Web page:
You don’t really know why it’s being chosen for you.
And that goes to the big concern about, you know, the, the Chinese influence, right?
And this would this It would be an issue with wherever it was coming from one, big picture conclusion that I have from this is that in an ironic way.
The meta question that Facebook is asking, is kind of a good one.
Shouldn’t Tick Tock, the most popular web domain in the world have a certain amount of scrutiny when it is, essentially an algorithmic black box that has certain relationships with the Chinese Communist party, but Facebook is going about asking.
Those questions in like the creepiest possible.
Most hypocritical possible way.
Essentially doing the Bud, Light thing of accusing, cores of being a company that leads to drunk driving and using only examples of itself, tell, am I being unfair there and saying that the meta question that Facebook is asking is, is actually a reasonable one, but it’s the tactics that that are so bizarre and, and distasteful.
And it’s, it’s, it’s so hilarious because they’re kind of undermines.
Earning themselves by engaging in these assets.
And now they seem like, you know, now Tick-Tock seems like the victim at all this and it’s like, no guys.
We need to like you said, these are reasonable things to push Tick-Tock on but you’ve gone and created this entire nonsense distraction out of it.
I want to put my cards on the table here and give you my Tick.
Tock take, which fair warning is not exactly a pro Tick Tock.
Take I think Americans would be concerned if any large US based social media company, had an intimate relationship with one political party.
Like imagine if Snapchat were partially owned by the Republican National Committee.
I think would be like, that’s weird.
Not sure about that one.
I think that’s pretty bad.
Well, in the case of tick-tock and B dance, the minority owner is the Chinese government a One-party authoritarian State.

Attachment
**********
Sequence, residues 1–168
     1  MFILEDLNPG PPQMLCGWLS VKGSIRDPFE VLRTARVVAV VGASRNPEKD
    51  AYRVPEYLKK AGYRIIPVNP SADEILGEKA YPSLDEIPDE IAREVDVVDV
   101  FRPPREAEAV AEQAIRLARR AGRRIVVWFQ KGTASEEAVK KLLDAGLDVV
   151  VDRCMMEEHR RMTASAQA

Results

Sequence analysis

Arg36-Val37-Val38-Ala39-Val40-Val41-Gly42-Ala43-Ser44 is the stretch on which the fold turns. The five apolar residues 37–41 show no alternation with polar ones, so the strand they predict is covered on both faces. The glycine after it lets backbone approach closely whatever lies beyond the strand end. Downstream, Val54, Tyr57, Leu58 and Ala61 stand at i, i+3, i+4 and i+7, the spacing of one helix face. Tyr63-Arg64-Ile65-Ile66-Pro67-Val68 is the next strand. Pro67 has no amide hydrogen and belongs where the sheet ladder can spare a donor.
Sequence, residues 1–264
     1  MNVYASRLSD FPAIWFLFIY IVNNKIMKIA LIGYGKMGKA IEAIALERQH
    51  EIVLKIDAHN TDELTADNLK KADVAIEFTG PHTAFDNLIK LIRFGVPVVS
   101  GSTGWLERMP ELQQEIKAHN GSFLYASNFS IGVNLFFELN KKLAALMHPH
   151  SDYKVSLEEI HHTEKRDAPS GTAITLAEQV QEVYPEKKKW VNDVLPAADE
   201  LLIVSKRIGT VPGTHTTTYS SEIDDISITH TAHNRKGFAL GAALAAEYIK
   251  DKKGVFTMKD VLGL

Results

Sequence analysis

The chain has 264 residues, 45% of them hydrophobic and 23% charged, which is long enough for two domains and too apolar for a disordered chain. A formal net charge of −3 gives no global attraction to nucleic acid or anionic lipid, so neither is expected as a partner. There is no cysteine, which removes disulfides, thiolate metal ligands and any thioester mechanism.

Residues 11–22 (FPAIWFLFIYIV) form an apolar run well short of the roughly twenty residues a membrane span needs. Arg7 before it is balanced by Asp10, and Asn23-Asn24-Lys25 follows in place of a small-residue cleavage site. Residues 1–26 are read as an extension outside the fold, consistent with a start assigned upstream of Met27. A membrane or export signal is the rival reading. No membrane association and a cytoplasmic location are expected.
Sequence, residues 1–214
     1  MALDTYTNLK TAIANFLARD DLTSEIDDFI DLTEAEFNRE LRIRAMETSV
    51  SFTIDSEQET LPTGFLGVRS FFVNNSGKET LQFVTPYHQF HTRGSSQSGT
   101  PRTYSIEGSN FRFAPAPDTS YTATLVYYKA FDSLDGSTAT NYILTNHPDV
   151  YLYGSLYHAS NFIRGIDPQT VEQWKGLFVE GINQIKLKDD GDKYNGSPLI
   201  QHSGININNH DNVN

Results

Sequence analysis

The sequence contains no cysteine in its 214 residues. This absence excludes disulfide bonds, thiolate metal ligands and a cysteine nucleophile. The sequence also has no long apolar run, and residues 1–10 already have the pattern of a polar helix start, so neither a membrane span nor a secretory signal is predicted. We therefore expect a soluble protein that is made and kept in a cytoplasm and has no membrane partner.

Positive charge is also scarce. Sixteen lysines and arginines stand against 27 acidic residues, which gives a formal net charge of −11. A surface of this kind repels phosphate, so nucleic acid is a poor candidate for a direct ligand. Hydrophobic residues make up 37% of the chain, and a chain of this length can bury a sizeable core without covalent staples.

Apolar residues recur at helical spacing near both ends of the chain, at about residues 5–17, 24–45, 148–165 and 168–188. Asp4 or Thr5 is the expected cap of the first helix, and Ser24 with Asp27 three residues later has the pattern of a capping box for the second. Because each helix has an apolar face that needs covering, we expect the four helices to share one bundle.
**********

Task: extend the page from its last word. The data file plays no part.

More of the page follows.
Like our geopolitical adversary has a relationship with a popular social media app.
Whose equivalent, we would feel icky about here in the US and that I think should make us critical and skeptical.
So Drew, how do we weigh?
Facebook’s creepiness here.
Facebook is poisoning, the well by conflating all of this with slap a teacher crap, like, you know, they They are taking what should be something that you know, Tick-Tock is Raising questions that are bipartisan, you know, there are ongoing Federal reviews of tick-tock and all of the questions you raised are like good ones.
Like there are their technical things.
We should know about Tick Tock and yet.
Now Facebook has not just undermine themselves and make themselves look like the bully yet.
They’ve also I think taking a lot of Air out of the balloon of these questions like they have made anybody who’s going to ask about these question whether they’re whether they’re there on the right side.
So yeah, I think it’s it’s all just really?
And this is why you don’t do these kinds of smear campaign jump in Taylor.
Can I say one other thing too?
Is like, I mean, just two things really quickly.
One is that we should be asking questions of all of these companies like data privacy issues as we’ve seen with things like gdpr.
It’s like we need to question all of these companies American and foreign.
And I think we are, like you said, this is the first time that a foreign company has really gained for in social medias, gain relevant.
I think we’re learning what it’s like to not, really hold the reins, you know, for years Facebook has faced criticism, you know, in the global South replaces like Myanmar, right?
For not cracking down on certain things for, and I think now, we’re suddenly seeing when this big tech company comes in reshaping our culture and we don’t, we don’t, you know, we don’t hold the reins.
Slap a teacher fake.
The case for scrutinizing.
Tic Tac real.
I’m taking away for real Taylor Jew.
Thank you so, so much.
I appreciate it.
Thanks for having us.
Plain English with Derek, Thompson is produced by Devon.
If you like, what you hear, please follow rate and review us new episode, jobs on Tuesday.
Have a great weekend.